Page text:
This Week In Proviso Township History: When Rotary Dial Phones Came To Town

A woman shows how to use a rotary dial in a video produced by AT&T’s Bell system. Below left, a rotary dial phone with a moving finger stop.  | AT&T 

Wednesday, December 14, 2022 || By Michael Romain || @maywoodnews 

On Dec. 14, 1950, the Chicago Tribune reported that construction of a “two story and basement structure” had started in Bellwood and was expected to finish within two years.

Once completed, the new $2.9 million building, the Bellwood dial exchange, would enable “more than 23,000 telephones in Bellwood, Berkeley, Broadview, Hillside, Maywood, Melrose Park, North Lake [sic], Stone Park, and Westchester” to finally get dial telephone service.

For those too young to remember, before push-button telephones and later cell phones, people mainly communicated by rotary dial telephones. The website explains what they were:

“On the rotary dial, the digits are arranged in a circular layout so that a finger wheel may be rotated with one finger from the position of each digit to a fixed stop position, implemented by the finger stop, which is a mechanical barrier to prevent further rotation.”

Patented in 1892, the rotary dial phone was a major innovation and a dramatic change for customers, AT&T, which first installed dial phones in 1919, explains on its website.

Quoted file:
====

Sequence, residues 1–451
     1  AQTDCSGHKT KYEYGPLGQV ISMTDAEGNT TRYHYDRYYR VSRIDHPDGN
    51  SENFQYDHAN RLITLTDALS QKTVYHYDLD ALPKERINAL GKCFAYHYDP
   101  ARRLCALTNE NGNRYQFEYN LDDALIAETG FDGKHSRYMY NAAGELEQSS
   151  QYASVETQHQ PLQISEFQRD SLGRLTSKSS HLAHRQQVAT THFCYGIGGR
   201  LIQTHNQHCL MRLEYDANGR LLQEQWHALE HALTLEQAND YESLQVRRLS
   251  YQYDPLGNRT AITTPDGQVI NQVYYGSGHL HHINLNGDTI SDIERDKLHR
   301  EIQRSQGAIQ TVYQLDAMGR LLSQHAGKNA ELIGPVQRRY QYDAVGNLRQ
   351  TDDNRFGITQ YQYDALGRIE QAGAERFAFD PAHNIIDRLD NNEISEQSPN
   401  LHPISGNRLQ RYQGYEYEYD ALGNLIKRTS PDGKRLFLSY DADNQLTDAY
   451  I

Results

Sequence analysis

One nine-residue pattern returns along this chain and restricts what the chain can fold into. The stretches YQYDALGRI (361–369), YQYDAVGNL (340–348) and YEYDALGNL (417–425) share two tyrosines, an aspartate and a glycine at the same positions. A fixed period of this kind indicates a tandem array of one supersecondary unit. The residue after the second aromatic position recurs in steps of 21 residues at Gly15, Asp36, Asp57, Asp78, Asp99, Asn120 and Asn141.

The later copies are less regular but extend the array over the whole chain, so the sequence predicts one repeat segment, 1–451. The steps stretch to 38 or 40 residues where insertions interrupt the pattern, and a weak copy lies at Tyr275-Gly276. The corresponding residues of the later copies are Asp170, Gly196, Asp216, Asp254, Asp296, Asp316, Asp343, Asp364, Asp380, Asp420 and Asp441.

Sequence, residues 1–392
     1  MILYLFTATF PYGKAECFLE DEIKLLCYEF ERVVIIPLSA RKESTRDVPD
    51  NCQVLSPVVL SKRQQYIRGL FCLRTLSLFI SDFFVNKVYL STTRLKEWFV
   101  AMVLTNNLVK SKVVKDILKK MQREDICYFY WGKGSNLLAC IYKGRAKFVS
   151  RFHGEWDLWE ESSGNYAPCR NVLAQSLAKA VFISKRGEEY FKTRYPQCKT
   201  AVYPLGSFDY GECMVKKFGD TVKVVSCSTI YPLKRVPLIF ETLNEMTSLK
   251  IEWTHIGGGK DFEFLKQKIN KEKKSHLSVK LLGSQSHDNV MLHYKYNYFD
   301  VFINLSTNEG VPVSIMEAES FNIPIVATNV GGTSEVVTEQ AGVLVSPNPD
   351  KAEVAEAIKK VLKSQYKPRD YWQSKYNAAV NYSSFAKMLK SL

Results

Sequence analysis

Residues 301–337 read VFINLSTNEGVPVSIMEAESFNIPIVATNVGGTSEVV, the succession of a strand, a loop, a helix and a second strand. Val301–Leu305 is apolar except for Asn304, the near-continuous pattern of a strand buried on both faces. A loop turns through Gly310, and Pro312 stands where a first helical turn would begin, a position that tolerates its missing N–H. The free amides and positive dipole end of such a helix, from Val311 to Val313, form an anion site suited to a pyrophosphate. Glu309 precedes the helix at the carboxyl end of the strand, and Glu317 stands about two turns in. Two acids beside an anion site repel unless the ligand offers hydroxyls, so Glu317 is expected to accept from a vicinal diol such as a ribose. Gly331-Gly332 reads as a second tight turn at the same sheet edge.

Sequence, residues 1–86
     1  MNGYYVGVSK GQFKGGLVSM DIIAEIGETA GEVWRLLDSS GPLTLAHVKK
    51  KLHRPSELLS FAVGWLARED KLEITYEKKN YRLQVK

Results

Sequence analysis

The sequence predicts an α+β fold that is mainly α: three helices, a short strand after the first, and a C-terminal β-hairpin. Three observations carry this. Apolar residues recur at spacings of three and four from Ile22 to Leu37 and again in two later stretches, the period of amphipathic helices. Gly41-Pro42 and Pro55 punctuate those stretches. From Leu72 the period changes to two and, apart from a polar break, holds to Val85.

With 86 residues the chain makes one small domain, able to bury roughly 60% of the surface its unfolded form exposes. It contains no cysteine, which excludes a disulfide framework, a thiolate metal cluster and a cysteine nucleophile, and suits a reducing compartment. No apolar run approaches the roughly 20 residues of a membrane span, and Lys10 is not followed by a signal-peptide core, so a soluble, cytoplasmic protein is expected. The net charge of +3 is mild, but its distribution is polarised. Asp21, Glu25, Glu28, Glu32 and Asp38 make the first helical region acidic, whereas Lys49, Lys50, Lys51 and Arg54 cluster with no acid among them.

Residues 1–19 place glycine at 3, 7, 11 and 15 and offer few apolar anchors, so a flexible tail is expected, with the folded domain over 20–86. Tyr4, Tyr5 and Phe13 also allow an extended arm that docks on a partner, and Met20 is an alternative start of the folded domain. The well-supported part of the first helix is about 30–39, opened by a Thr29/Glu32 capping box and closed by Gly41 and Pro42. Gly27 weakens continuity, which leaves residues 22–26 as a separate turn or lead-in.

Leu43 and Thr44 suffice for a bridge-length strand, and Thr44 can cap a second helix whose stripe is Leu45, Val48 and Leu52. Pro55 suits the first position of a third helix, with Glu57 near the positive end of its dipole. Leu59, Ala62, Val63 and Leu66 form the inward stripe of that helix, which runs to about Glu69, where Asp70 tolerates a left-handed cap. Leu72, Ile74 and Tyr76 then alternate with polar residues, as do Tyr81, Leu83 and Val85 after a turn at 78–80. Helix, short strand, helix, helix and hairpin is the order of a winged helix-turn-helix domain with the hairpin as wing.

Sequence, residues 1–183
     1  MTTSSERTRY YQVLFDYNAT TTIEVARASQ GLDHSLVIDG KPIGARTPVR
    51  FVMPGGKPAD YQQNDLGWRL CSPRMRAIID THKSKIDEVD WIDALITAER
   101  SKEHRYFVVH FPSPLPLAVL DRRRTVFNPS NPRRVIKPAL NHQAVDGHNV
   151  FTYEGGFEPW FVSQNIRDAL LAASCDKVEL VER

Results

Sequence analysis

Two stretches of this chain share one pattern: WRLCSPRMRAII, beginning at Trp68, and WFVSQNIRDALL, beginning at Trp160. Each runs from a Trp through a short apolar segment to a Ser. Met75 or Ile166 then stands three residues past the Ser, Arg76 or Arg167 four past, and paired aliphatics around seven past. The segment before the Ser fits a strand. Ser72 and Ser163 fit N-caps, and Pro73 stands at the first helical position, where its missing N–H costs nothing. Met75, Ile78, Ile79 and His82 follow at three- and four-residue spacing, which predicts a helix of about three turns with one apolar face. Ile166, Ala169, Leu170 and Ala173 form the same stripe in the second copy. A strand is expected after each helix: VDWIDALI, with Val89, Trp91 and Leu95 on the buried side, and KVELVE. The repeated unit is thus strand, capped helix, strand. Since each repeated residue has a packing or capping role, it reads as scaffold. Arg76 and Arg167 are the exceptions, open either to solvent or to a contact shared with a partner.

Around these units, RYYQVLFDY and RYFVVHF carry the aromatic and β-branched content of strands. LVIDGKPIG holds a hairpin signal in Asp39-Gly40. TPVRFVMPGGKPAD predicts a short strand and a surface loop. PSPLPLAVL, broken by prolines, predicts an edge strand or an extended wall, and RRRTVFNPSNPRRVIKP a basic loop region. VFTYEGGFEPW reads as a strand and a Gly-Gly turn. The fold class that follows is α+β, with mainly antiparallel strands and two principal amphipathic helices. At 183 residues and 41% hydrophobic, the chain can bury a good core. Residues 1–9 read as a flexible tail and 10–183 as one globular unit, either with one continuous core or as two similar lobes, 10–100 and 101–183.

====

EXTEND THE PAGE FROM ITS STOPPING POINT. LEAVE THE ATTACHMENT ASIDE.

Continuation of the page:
People “went from lifting the receiver and asking the operator for assistance to (gasp!) dialing the number themselves.”

AT&T historian Sheldon Hochheiser adds that the change to dial phones “required replacing the manual switchboards in an exchange with an electromechanical switch, replacing every telephone connected to that exchange with a new dial telephone — and teaching every subscriber how to use the new dial phone.”

The change also required the installation of equipment like new cables and the erection of buildings like the dial exchange in Bellwood that housed “dial apparatus and other equipment,” along with “assembly and training rooms on the first floor [and] and a maintenance room and office space for the wire chief,” the Tribune reported in 1950.

Because there was so much that went into the transition from operator-assisted phones to dial phones, the change took decades to be implemented across the United States. Even though the first dial phones were installed in 1919, AT&T was still converting phones to dial through 1978 (and, as you can see above, rotary dials didn’t reach a good portion of the west suburbs until the early 1950s).

The lesson?

Change, especially technological change, doesn’t just happen out of thin air — it takes people and processes to make it happen.

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